The Supreme Court Decision: Majority Rules that Arbitration Agreement is Enforceable, and Employer’s Method of Communication was Effective

The Supreme Court in its majority opinion, issued by Justice Patterson with Justices LaVecchia, Fernandez-Vina and Solomon joining, found that each of the issues raised by the Appellate Division were not fatal to the enforceability of the arbitration agreement.

First, the Supreme Court found that as to the distribution of the agreement by email, this was effective and that even if Skuse had not read the communications as she alleged, the onus was on Skuse to review the contractual documents that she was going to agree to.

Second, the Court found that the description of its summary of the agreement as a “training module” or “activity” was a misnomer and that Pfizer should not have labeled such communications regarding arbitration as training. Nevertheless, the Court found that despite the incorrect label, the content and tone would not have been misconstrued as a training program and were sufficient to indicate inform Skuse of the need to understand and act on the new policy.

Third, the Court rejected the argument that Skuse by clicking to acknowledge the module, instead of asking her to click to agree, did not assent to the arbitration agreement. The Court rejected the Appellate Division’s prior application of Leodori v. CIGNA Corp. which seemed to require a signed written agreement stating that the employee agreed to arbitration. The Court distinguished that case by finding that in Leodori, the employer had specifically asked the employee to sign a form to assent to arbitration and that the form had gone unsigned, but that in the case at hand, Pfizer had never required Skuse’s signature as an expression of assent, and had only based assent on the employee’s decision to remain employed after the effective date of the arbitration policy.

Justice Albin issued a concurring opinion in which he agreed with the majority’s conclusion that based on the totality of the evidence Skuse had clearly and unmistakably understood that she was agreeing to arbitration. However, he noted his concerns that arbitration agreements were at risk of becoming standard or industry wide contracts that could form contracts of adhesion contrary to the fundamental public policy of the constitutional right to a civil jury trial, and therefore raised a potential future concern of being deemed unconscionable and unenforceable.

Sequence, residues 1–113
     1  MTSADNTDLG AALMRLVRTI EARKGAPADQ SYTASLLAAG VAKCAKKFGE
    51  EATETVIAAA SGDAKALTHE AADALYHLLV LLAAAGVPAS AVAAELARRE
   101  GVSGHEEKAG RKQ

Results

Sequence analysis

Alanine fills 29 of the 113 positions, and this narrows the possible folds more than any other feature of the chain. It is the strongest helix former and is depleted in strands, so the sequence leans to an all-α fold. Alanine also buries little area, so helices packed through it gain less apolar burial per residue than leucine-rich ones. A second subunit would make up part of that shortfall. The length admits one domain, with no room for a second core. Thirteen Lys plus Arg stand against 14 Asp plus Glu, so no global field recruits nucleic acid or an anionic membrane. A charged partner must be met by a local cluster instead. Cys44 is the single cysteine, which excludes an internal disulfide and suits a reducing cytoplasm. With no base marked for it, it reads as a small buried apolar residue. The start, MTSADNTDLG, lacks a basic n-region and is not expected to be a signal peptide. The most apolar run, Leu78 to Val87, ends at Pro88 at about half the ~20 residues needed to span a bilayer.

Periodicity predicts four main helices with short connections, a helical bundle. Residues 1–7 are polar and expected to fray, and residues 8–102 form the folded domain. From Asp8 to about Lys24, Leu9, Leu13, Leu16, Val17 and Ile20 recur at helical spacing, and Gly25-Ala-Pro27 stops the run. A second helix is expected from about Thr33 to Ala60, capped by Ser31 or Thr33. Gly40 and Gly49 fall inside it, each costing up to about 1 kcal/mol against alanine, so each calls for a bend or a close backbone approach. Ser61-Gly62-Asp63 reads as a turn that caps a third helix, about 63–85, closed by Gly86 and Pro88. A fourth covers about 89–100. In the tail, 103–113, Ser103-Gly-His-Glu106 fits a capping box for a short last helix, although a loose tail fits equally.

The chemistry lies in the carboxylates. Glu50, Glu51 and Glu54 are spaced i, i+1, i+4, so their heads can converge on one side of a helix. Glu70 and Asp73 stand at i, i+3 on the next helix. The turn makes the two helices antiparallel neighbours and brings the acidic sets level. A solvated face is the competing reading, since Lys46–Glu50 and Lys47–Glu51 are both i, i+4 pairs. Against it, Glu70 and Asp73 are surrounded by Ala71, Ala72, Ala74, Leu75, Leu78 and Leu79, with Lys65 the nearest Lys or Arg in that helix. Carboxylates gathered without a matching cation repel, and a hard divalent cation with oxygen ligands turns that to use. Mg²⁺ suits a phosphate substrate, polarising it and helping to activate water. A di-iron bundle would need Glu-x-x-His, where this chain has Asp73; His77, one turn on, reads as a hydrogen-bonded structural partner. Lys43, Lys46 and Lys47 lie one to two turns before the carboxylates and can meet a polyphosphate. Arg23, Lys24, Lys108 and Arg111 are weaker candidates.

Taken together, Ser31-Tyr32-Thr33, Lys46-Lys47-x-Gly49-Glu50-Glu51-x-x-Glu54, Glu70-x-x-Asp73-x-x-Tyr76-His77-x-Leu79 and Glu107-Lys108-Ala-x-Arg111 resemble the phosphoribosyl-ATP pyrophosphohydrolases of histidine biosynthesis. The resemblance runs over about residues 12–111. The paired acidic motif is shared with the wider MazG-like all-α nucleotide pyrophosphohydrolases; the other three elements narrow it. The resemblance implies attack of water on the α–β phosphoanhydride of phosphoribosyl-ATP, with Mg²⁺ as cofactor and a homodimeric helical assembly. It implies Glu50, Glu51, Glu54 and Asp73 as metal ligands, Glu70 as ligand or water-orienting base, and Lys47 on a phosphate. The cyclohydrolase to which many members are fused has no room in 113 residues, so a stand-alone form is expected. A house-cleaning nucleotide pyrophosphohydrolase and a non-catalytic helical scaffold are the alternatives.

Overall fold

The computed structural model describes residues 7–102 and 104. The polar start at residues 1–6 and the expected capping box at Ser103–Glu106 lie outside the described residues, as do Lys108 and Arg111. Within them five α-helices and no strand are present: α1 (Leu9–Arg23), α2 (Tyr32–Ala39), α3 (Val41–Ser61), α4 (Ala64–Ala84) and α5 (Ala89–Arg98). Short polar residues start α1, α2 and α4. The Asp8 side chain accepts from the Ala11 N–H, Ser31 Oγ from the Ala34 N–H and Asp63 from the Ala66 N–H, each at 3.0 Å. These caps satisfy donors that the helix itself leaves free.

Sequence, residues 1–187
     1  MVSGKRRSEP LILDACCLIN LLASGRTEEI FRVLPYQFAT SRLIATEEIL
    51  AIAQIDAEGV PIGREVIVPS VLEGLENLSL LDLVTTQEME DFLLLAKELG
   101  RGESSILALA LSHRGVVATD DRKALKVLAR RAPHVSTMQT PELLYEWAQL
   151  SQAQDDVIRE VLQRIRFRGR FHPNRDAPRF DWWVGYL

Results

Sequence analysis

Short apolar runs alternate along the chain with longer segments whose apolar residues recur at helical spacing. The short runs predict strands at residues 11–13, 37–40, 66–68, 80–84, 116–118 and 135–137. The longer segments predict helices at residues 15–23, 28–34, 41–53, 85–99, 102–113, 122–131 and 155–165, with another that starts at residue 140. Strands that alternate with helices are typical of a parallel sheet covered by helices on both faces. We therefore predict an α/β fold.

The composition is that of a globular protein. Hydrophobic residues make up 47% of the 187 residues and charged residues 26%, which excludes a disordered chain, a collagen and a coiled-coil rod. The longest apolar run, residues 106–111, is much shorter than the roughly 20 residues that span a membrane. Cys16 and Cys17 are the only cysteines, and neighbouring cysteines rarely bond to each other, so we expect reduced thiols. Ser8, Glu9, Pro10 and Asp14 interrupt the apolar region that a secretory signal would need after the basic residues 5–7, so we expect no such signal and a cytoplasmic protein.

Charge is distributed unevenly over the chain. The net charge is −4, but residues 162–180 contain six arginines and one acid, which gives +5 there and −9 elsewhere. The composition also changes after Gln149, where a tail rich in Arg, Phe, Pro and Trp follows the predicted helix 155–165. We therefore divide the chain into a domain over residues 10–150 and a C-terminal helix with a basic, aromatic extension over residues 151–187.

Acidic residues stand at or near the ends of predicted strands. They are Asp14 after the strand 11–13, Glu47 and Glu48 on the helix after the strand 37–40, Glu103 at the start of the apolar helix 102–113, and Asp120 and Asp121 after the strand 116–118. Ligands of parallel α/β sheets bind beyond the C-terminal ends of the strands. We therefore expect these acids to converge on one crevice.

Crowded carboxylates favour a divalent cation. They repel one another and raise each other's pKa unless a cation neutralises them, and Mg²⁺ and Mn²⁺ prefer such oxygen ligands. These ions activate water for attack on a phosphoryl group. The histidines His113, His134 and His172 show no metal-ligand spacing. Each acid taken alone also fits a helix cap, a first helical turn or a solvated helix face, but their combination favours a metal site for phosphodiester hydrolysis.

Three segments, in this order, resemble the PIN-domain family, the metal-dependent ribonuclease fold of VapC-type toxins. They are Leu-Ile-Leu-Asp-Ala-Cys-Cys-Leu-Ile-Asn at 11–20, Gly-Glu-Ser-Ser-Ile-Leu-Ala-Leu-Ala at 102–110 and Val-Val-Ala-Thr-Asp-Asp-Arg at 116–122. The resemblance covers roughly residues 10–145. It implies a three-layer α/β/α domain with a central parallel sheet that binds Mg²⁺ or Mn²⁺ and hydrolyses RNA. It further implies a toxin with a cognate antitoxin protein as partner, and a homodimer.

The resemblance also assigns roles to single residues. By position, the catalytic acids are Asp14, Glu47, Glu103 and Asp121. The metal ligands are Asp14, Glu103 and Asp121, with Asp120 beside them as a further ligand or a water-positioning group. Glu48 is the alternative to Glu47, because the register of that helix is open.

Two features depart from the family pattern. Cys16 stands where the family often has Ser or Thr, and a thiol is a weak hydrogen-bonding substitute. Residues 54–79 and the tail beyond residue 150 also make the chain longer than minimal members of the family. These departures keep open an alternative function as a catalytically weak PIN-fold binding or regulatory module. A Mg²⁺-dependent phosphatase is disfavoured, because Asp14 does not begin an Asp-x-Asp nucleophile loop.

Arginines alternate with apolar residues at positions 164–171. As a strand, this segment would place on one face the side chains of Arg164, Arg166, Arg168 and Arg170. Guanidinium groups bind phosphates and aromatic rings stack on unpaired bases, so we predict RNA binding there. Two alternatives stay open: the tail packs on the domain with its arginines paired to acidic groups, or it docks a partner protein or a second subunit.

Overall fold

Chief Justice Rabner dissented and indicated disagreement with the fact that the “acknowledgment” of the arbitration, or the “one-sided declaration that consent would be deemed by default” would meet the standard of showing clear and unmistakable assent to arbitration.

In Summary, Courts Defer to Arbitration Agreements, But Boundaries May Be in Sight

New Jersey courts continue to grant broad deference to arbitration agreements, and also continue to lower the bar as to what is required in order to obtain consent for such agreements. But the concurrence and dissent by Justice Albin and Chief Justice Rabner in the Pfizer case indicate that, even though the court has not yet been presented a specific set of facts as a reference point, foreseeable outer limits to this broad deference may be in sight.

It is advisable that employers consult with legal counsel to ensure that any agreement to arbitration meets the current standards for assent, and that any potential claims against enforcement of an arbitration agreement are identified and mitigated.